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Saffron slide

After the defeat in three state polls, BJP is more disillusioned than ever about its future and, of course, its leaders. But why is no one coming forward to stop the slide? Shekhar Iyer reports. See graphics

delhi Updated: Oct 25, 2009 01:52 IST
Shekhar Iyer

The photograph is eerie — a small aircraft illuminated by car headlights on a dark tarmac.

The place is Maoist-dominated Dumka, about 300 km north of Jharkhand capital Ranchi. The date was October 19, three days before poll results from Maharashtra, Haryana and Arunachal came in.

The passenger was Bharatiya Janata Party chief Rajnath Singh, who allegedly forced the pilot to take off from an unlit airstrip. The photograph amused Singh’s friends and foes alike.

A senior BJP leader chuckled: “Was Rajnath trying to do what he has already done to the party — taking off in the darkness to crash land nowhere?”

The assembly poll results in the three states on October 22 showed nothing has apparently improved six months after the parliamentary elections.

Political commentator Jyotirmay Sharma, who teaches politics at the University of Hyderabad, said the BJP did well earlier because of the momentum of the Ram temple stir. “Like all movements, it petered out after sometime. Today, the voter is making stark choices. What has the BJP to offer?”

But why no one is willing to or even thinking of trying to stop the slide? And why has the Rashtriya Swayamsevak Sangh (RSS), which by now did at least three autopsies on the BJP, not come out yet with a solution?

Sharma said, “It is like trying to graft mango on an orange tree. The party is wearing the ideological clothes of the RSS, which does not want to get directly involved in politics and does not have an appeal anymore.”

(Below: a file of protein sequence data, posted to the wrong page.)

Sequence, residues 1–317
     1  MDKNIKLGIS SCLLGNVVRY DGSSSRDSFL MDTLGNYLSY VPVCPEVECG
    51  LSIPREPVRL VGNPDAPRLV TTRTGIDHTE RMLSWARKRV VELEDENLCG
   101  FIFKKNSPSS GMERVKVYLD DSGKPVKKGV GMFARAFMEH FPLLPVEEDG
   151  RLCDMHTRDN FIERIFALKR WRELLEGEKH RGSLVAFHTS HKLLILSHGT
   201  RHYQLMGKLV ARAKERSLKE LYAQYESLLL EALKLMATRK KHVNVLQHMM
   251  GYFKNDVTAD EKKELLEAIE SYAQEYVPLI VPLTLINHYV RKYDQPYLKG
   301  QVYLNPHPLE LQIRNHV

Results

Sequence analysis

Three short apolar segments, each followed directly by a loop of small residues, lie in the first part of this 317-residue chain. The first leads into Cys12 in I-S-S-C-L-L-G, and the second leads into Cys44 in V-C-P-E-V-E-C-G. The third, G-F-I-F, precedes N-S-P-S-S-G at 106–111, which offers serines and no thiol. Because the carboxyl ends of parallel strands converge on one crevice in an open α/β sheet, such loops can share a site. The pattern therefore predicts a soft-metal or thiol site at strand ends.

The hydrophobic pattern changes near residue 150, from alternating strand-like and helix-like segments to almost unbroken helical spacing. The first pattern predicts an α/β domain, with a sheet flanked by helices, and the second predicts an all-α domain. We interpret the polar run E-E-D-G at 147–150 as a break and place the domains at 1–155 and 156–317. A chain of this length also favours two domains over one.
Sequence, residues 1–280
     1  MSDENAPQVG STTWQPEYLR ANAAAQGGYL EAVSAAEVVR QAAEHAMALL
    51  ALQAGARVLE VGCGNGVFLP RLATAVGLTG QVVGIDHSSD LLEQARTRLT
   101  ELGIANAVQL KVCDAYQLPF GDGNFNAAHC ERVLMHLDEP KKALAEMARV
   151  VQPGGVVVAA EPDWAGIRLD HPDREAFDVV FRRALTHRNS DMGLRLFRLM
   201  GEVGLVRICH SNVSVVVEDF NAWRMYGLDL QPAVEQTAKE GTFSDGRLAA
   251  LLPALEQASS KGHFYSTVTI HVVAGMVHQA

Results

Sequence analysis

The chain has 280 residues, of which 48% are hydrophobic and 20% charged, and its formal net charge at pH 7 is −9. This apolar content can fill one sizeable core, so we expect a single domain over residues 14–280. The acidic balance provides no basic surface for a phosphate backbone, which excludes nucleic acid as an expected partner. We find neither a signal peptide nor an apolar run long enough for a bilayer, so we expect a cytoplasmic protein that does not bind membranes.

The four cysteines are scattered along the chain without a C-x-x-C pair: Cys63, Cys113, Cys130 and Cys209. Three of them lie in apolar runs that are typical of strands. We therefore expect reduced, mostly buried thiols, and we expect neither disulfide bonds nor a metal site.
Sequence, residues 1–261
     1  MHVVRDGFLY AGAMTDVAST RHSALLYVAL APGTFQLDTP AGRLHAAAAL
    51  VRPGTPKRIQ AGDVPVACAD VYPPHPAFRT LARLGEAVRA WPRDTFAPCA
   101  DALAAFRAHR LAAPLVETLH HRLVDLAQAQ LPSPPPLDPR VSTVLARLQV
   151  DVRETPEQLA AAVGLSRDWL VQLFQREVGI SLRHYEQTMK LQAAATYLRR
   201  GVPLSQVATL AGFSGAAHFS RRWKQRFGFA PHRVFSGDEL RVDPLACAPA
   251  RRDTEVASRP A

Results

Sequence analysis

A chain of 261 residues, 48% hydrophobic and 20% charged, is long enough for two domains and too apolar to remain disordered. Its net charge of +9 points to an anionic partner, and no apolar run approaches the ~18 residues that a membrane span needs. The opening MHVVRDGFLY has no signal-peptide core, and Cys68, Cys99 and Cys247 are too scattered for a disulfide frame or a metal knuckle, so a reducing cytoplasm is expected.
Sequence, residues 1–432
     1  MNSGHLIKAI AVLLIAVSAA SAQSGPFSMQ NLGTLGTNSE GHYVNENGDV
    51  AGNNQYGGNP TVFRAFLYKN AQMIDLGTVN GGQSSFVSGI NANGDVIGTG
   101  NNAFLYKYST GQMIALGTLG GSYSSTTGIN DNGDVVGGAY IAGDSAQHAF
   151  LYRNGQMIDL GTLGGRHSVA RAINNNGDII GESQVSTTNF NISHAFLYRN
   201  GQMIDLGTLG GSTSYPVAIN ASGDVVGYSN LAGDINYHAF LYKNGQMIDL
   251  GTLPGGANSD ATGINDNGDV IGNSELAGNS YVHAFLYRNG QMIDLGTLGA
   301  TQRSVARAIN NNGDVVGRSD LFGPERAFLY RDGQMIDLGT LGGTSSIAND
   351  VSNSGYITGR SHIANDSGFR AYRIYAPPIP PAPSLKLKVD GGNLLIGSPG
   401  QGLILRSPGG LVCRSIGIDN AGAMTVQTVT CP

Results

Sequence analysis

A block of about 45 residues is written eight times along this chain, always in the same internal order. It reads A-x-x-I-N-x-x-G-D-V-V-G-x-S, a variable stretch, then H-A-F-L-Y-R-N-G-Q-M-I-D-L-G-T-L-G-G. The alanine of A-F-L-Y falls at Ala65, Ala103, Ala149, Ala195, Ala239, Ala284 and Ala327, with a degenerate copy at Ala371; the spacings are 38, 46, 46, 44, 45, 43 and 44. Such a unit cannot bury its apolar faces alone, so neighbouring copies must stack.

On top of it, there are speculations over L.K. Advani’s role. Is he only interested in the timing of his exit and have a say in the choice of the next BJP chief? Or will Advani merely endorse who ever the RSS chooses in exchange?

But the first thing that crossed some BJP leaders’ mind was that after the Maharashtra results, it would now be difficult for the RSS to place its blue-eyed boy, Nitin Gadkari, as Rajnath’s successor.

“You can’t install a man who failed in Maharashtra to run the BJP nationally,” remarked a party leader.

Also, it has become clear that the BJP failed to read the mood of the people and avoid splits in Opposition votes both in the parliamentary and assembly polls. “I don’t even think we have yet figured out how to combat a younger Congress under a hard working Rahul Gandhi,” said a young BJP leader.

Between the Lok Sabha polls in 2004 and 2009, the party’s vote share went down 3.4 percentage points to touch 18 per cent. It lost substantial ground in urban areas, failed to win a single seat in Mumbai and Delhi and helplessly watched its base eroding away in Lucknow, Bhopal, Indore, Panaji, Chandigarh, Raipur and Pune.

Some analysts believe that the way forward is to split and come clear on issues like Hindu Rashtra, conversions, economic liberalisation and Pakistan. “No party has survived without splitting after internal differences on ideology,” Sharma said.

But voices within the BJP calling for moderation and junking aggressive Hindutva are more muted than ever before. For, no one dares to antagonise the RSS now.